When a male lion and a female tiger breed you get a Liger - the largest of all felines. A liger looks like a giant lion with diffused stripes and some male ligers grow sparse manes. These massive creatures are 10 feet long on average and weigh about 700 lb. Ligers have been bred in captivity, deliberately and accidentally, since shortly before World War II. The largest liger alive today is appropriately named Hercules and lives in Jungle Island in Miami.

Bee Hummingbird

bee

A Bee hummingbird weighs only about 1.8 grams, less than a penny. Its tiny wings beat 80 times per second. Using all that energy requires them to eat half their body weight in food each day as well as drink 8 times their body weight in water.

Three Best Picture Nominees

In 1939 Thomas Mitchell appeared in three of the movies nominated for Best Picture - Gone with the Wind, Stagecoach and Mr. Smith Goes to Washington. He won Best Supporting Actor that year for his role as Doc Boone, in Stagecoach.

Crazy Mary Todd

MARY

Ten years after Abraham Lincoln's assassination, a Chicago court declared his 56-year-old widow Mary insane and committed her to a mental institution. On May 20, 1875, she arrived at Bellevue Place, a private, upscale sanitarium in the Fox River Valley. Her determined efforts led to her release less than four months later, when her sister Elizabeth assumed her care in Springfield.

John Cazale

John Cazale was only in five movies. All five were nominated for Best Picture (The Godfather, The Godfather Part Two, The Deer Hunter, The Conversation and Dog Day Afternoon). Three of the movies (the Godfathers and The Deer Hunter) won Best Picture Oscars."

cazale

President Lafayette?

Lafayette Foster almost became President of the United States. In the John Wilkes Boothe conspiracy, Vice President Andrew Johnson was supposed to be killed, and if he was, Lafayette Foster, the President pro tempore of the Senate would have become President of the US.

World's Rarest Animal

Lonesome George is the sole surviving member of the Pinta Island Giant Galapagos tortoise race. The species was considered extinct until 1971, when George was located by rangers. Since then, the Charles Darwin Research Station has been searching for a female tortoise, even posting a reward of $10,000 to those that find one.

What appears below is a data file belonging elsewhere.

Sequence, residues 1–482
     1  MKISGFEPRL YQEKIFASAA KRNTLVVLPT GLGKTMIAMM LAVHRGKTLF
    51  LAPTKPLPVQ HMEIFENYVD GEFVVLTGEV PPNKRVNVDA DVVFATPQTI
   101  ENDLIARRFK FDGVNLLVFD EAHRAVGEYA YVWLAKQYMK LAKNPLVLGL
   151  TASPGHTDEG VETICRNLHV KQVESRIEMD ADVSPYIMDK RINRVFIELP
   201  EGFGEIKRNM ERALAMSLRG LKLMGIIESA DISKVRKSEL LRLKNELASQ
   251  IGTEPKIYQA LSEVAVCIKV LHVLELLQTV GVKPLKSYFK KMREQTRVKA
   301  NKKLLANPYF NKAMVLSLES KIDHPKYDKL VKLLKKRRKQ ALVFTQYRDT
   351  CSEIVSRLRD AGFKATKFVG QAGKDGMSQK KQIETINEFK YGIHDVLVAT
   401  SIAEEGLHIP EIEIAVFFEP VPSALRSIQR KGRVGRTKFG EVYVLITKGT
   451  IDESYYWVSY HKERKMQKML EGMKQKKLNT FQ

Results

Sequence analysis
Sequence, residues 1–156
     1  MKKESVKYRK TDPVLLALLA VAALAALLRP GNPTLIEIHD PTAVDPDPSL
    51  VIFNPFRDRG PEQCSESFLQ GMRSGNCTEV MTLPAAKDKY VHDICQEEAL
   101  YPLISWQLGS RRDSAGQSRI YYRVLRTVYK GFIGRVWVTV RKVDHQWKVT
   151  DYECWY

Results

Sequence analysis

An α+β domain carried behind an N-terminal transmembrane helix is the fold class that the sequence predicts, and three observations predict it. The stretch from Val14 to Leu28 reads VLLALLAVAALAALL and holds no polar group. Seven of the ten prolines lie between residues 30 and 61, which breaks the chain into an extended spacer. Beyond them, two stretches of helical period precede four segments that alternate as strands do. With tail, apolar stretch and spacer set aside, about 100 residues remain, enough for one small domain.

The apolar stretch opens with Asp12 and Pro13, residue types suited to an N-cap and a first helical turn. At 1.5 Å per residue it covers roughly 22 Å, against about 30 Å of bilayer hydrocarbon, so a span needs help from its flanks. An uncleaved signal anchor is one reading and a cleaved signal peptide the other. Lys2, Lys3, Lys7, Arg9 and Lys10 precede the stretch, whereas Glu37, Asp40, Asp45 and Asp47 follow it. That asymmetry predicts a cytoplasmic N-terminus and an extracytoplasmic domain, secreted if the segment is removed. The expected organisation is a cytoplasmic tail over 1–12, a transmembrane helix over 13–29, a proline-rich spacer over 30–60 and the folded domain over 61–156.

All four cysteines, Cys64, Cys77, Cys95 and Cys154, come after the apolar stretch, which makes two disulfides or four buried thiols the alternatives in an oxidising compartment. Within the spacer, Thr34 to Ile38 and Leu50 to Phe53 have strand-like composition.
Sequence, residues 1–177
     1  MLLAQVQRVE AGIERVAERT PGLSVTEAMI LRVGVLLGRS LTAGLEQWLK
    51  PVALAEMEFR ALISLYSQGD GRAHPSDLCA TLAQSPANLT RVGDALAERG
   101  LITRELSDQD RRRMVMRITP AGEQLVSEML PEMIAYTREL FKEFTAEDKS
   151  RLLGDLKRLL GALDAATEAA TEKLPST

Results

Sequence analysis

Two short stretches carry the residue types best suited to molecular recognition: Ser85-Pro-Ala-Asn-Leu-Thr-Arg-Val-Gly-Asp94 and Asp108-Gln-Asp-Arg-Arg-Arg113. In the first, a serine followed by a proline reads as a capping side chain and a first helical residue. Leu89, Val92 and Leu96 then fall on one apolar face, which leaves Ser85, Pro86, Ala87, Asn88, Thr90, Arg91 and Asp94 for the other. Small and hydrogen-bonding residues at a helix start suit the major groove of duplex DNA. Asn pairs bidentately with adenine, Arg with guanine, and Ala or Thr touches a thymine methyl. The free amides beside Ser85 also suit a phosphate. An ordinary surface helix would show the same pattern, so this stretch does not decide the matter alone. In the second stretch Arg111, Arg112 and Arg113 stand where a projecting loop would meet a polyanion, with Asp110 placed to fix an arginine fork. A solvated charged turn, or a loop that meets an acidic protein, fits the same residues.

The Incredible Unbreakable Egg?



The egg cannot be broken when held correctly with one hand. Close your hand so that your fingers are completely wrapped around the egg. Squeeze the egg as hard as you can by applying even pressure all around the shell. Look at everyone's amazement (mostly your own) as the egg remains whole and your hand remains dry!

State Furthest East and West?

Alaska is the state that is farthest north, east, and west while Hawaii is farthest south. The reason that Alaska is farthest east and west is due to the fact that the Aleutian Islands cross the 180° meridian of longitude, placing some of the islands actually in the Eastern Hemisphere and thus degrees east of Greenwich (and the Prime Meridian).


See the jagged international date line – the line darts west to accommodate Alaska, but the 180th meridian still splits up Alaska into east and west hemispheres, making it both the farthest east and west.

Kokura



Kokura, an ancient town in Japan, had been the primary target of the nuclear weapon "Fat Man" on August 9, 1945, but on the morning of the raid, the city was obscured by clouds and smoke from an earlier fire-bombing of the neighboring city of Yahata. Since the mission commander Major Charles Sweeney had orders to only drop the bomb if the target was sighted, he was ordered to proceed to the secondary target of Nagasaki, where the weapon was dropped.

Born on the Same Day


Charles Darwin and Abraham Lincoln were both born on February 12, 1809

Hitler's Nephew

   William Patrick Hitler (later Stuart-Houston) nicknamed Willy, was the nephew of Adolf Hitler. Born to Adolf's half-brother Alois Hitler, Jr., and his first wife Bridget Dowling. William fought for the US during World War II against his uncle and was awarded a Purple Heart and a World War II Victory Medal.

Pepsi Floats?

Drop a can of Pepsi and a can of Diet Pepsi into a tub of water. Will they both float? Will they both sink? Will one sink and the other one float?



Perhaps, surprisingly, the diet Pepsi can will float while the Pepsi can will sink.
How can this be since they both are 12 oz?  It is because the 12 oz. is a measure of volume, not of weight.
The Pepsi can weighs more because it uses corn syrup for its sweetener, while the Diet Pepsi uses a powdered chemical sweetener, which weighs less.

Babies Born Every Second

Every second, about 4.2 babies are born in the world.

Australia

Australia is the sixth largest country in the world. It's about the same size as the 48 mainland states of the USA and 50 per cent larger than Europe, but has the lowest population density in the world - only two people per square kilometer.